I am reading Taleb’s Antifragile book, and I recommend it highly. He has sparked my interest in reading Greek philosophy. If anyone has any recommendations, then please add a comment below.
Woodford’s recent blog article contained a chart, which I have annotated below:
One of the lessons from Antifragile is that attempts to control volatile systems are very fragile. The chart shows some initial volatility followed by a very stable region in which exchange rates show narrow variability. That stability did not last, however. The ROX collapsed.
Fascinatingly, we see the same thing with the oil price over 5 years:
Oil prices tend to be inherently volatile. But look at the chart. The price looks almost “managed” from the period Feb 2011 to Aug 2014. Such steadiness could not be maintained be maintained indefinitely – although it was maintained for a number of years – until it finally broke.
People are trying to explain how oil has moved in terms of Saudi behaviour. Maybe that was the wrong question. Maybe the real lesson is that prices would inevitably have to break given such a long period of stability.
It also reminds me of shares that trade in a narrow range, and how much I like them, assuming I’m bullish. Narrow ranges cannot be sustained indefinitely, and when they break, they break decisively.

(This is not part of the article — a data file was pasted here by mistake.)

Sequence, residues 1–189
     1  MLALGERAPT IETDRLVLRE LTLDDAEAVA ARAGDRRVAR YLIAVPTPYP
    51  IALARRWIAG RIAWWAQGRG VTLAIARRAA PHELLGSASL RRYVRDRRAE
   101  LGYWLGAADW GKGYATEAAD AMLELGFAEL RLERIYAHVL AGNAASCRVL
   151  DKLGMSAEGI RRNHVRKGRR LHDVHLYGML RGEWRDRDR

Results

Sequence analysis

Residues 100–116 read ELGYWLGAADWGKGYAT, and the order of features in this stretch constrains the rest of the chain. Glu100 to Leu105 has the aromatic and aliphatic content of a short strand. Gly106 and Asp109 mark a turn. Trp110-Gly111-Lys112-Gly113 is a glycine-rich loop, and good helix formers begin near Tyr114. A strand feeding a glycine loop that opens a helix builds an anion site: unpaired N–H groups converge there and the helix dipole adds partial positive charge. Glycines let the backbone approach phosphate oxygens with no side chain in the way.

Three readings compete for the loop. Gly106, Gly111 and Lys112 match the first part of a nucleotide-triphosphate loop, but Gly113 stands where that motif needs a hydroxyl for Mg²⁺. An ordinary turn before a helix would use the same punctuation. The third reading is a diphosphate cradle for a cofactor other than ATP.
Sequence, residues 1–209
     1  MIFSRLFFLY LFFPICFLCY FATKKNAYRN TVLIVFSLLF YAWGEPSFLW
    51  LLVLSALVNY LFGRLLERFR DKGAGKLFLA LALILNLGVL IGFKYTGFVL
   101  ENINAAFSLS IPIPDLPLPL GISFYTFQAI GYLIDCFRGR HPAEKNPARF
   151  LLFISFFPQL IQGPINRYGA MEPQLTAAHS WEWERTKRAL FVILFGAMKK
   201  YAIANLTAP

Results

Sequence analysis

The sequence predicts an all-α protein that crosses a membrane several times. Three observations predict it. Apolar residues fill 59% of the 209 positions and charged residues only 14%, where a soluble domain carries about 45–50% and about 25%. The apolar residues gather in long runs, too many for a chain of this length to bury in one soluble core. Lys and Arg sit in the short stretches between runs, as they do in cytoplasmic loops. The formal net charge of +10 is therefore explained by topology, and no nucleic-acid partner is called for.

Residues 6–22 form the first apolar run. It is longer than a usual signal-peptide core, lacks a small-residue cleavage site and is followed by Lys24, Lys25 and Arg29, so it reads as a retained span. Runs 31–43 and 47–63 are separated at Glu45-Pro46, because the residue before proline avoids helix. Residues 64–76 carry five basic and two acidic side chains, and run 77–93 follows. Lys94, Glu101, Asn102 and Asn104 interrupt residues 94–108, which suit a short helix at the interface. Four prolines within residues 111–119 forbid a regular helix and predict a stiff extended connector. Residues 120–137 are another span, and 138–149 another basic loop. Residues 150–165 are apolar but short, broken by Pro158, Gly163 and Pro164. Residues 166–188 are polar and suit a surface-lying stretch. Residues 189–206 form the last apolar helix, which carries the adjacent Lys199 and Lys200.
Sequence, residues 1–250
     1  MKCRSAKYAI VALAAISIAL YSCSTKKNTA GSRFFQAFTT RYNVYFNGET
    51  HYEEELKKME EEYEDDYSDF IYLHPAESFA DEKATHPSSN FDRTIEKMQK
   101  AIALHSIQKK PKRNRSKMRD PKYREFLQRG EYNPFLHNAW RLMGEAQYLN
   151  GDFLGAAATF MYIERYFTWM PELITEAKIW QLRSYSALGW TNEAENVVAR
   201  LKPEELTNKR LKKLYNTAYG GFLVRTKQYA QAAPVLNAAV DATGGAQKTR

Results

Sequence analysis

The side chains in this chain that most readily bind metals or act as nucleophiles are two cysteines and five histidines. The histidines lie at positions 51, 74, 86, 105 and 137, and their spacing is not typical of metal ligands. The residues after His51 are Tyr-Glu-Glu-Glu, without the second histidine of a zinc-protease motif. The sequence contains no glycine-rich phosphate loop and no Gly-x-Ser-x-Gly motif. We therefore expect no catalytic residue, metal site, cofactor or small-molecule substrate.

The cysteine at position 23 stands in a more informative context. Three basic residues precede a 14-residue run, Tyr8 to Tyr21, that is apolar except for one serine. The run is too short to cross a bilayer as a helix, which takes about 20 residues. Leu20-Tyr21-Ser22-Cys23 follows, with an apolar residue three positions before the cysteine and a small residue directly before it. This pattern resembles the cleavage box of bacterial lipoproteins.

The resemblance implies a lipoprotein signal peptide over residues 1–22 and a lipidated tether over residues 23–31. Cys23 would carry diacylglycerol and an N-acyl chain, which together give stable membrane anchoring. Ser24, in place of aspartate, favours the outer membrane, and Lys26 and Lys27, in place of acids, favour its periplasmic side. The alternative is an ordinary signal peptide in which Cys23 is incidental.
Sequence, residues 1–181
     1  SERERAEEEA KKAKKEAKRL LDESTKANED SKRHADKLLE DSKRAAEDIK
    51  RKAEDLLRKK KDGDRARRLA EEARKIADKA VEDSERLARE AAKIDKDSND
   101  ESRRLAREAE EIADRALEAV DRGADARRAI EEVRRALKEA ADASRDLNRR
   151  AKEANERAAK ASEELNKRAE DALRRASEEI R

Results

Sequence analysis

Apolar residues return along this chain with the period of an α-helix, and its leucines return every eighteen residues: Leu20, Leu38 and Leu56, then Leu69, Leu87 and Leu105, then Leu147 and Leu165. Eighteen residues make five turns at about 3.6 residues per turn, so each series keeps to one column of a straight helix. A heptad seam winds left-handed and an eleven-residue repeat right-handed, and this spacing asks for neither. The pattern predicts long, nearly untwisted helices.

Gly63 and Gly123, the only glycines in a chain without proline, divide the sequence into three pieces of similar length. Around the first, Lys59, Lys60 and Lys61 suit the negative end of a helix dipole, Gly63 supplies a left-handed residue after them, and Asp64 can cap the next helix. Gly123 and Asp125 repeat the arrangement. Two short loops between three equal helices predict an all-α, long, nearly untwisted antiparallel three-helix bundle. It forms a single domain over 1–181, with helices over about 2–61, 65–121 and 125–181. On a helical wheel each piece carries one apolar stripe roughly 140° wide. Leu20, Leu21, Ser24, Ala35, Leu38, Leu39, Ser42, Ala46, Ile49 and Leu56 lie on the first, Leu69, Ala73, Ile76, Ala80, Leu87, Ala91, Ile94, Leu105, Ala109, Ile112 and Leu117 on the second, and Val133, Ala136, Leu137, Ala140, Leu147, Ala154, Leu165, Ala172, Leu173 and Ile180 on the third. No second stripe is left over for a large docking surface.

And here’s a curious thing from the medical profession: heartbeats are irregular. In fact, when they become completely regular, doctors become worried, because it is often a sign of a heart attack.
So actually, we may now be seeing signs that the market is returning to functioning properly; which implies volatility. Another interesting fact that high stock markets combined with a low VIX level is often construed as a sign of a market top.
Update 17-Dec-2015: I thought it would be interesting to show the 5-year chart of gold:
Here we see another region of too-stable-to-hold. Excessive stability may hold for a long time; you really don’t know how long. It also does not tell you to which side the break will be. According to Financial Post in March 2014, all-in sustaining costs are between $1100-$1200/oz. This suggests what we have here is a bottom rather than a top. This picture might be complicated by the fact that gold is store of value, so there may be a looser connection between the price of gold marginal cost of production.